AC circuit tester result on Inverter

By beaudet23 ·
I'm working on a project vehicle, an RV basically, and I just wired up the interior (AC) and installed an inverter.
Upon completion of the work, I fired up the system, and using a standard Micronta Radio Shack 22-101 tester, I checked the outlets.

Wouldn't you know, the code I got was the only one not shown: all 3 lights (2 green, 1 red) lit up. I did combine the grounds on both inverter circuits in my wiring, but I can't see this having any negative effect.
A house lamp plugged in seemed to work fine. The only additional thing I have not done yet is to check the tester right on the inverter's outlet (bypass all my wiring).
Anybody have any idea what that code could possibly mean?
Thanks in advance,

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All Answers

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Knock, Knock... Who's There...

by cmiller5400 In reply to AC circuit tester result ...

A technology forum!! I didn't know that we did RV wiring as well

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you got me..

by beaudet23 In reply to Knock, Knock... Who's Th ...

OK, I can appreciate a little humor...

It's not so much "RV Wiring" as a topic as it is inverter / AC circuits testing. I just stumbled onto this forum thinking it may provide an answer. If not, sorry for the intrusion.

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Don't worry about it...

by cmiller5400 In reply to you got me..

I'm sure that someone with knowledge will stumble by on it (hence the "Off Topic" tags). Just keep "bumping" it.

Good luck in your project!!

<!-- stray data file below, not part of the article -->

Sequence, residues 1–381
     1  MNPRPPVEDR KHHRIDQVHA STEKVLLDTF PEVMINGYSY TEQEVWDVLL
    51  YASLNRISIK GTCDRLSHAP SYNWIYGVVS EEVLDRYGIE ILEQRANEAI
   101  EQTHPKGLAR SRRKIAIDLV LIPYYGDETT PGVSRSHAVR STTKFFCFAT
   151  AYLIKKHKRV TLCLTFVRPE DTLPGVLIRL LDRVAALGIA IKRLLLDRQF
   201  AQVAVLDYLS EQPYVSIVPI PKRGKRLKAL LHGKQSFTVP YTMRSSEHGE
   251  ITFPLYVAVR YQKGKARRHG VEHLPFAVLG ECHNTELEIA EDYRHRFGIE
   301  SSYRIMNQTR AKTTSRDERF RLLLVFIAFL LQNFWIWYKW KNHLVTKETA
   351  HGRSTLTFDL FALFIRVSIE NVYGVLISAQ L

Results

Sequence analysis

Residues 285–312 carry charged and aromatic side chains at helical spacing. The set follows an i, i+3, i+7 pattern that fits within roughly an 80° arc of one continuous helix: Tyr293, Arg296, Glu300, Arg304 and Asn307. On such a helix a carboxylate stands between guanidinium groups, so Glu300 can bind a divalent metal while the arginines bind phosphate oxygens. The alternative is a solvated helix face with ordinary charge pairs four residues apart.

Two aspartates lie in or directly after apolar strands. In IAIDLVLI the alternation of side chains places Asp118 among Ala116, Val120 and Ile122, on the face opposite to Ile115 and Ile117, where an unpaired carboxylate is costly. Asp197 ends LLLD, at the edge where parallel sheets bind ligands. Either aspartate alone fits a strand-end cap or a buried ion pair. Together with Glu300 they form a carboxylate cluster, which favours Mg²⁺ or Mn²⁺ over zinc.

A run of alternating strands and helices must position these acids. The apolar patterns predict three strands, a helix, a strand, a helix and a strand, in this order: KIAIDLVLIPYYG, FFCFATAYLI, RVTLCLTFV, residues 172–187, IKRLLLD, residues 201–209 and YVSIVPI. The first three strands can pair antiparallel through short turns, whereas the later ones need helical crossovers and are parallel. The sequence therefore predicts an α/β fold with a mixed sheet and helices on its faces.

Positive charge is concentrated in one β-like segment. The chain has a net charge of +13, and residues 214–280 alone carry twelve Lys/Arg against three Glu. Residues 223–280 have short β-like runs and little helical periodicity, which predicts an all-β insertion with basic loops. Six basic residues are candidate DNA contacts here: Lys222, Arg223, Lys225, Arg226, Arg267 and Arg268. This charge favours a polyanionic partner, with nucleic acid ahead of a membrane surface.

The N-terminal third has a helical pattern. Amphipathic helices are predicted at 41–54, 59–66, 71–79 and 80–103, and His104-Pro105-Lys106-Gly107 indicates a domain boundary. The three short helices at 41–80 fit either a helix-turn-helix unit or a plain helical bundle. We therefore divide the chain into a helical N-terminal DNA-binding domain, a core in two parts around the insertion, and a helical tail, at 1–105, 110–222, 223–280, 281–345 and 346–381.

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Inverters and Outlet Testers

by TheChas In reply to AC circuit tester result ...

What you need is a better test method.

The plug-in AC outlet testers are just an indication that an outlet is wired correctly. It is neither a complete test, not 100% accurate.

Part of your problem is that the outlet testers all use neon lamps to indicate what circuits are connected in what order. Neon lamps are designed for specific voltage levels. AC inverters and UPS systems do not output a normal sine wave, and the peak voltages are lower than they would be on a normal AC outlet or with a generator.

Basically, the tester as simple as it is is confused by the lower peak voltage.

One way to test your outlets is with an AC volt meter or DMM. Use caution as the probes, jacks and wires will have lethal voltage levels present.

Measure the AC voltage from Hot (narrow terminal) of the outlet to both neutral (wide terminal) and ground.
Both readings should be the same, and very likely will not be the 120 VAC you would measure on a home outlet.

Next, measure the voltage from Neutral to ground. The voltage should be zero.

It is possible that the inverter produces a fully isolated voltage and the AC voltage floats in relation to ground. You would need to check with the inverter manufacture to verify this.

A quick check would be with the inverter off and disconnected from the batteries, measure the resistance from Neutral to ground. It should read near zero for a proper line outlet. If you measure more than 10 ohms, I would check with the inverter manufacture and see if you are supposed to tie the Neutral and ground connections together.

If you want to be safe and protect your insurance on your RV, you should have your wiring inspected by an electrician.

If you were to have an electrical fire, not having a documented electrical inspection could void your insurance.


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by beaudet23 In reply to Inverters and Outlet Test ...

Thanks very much Chas,
you are the wellspring of info I was looking for.
Live long and prosper.


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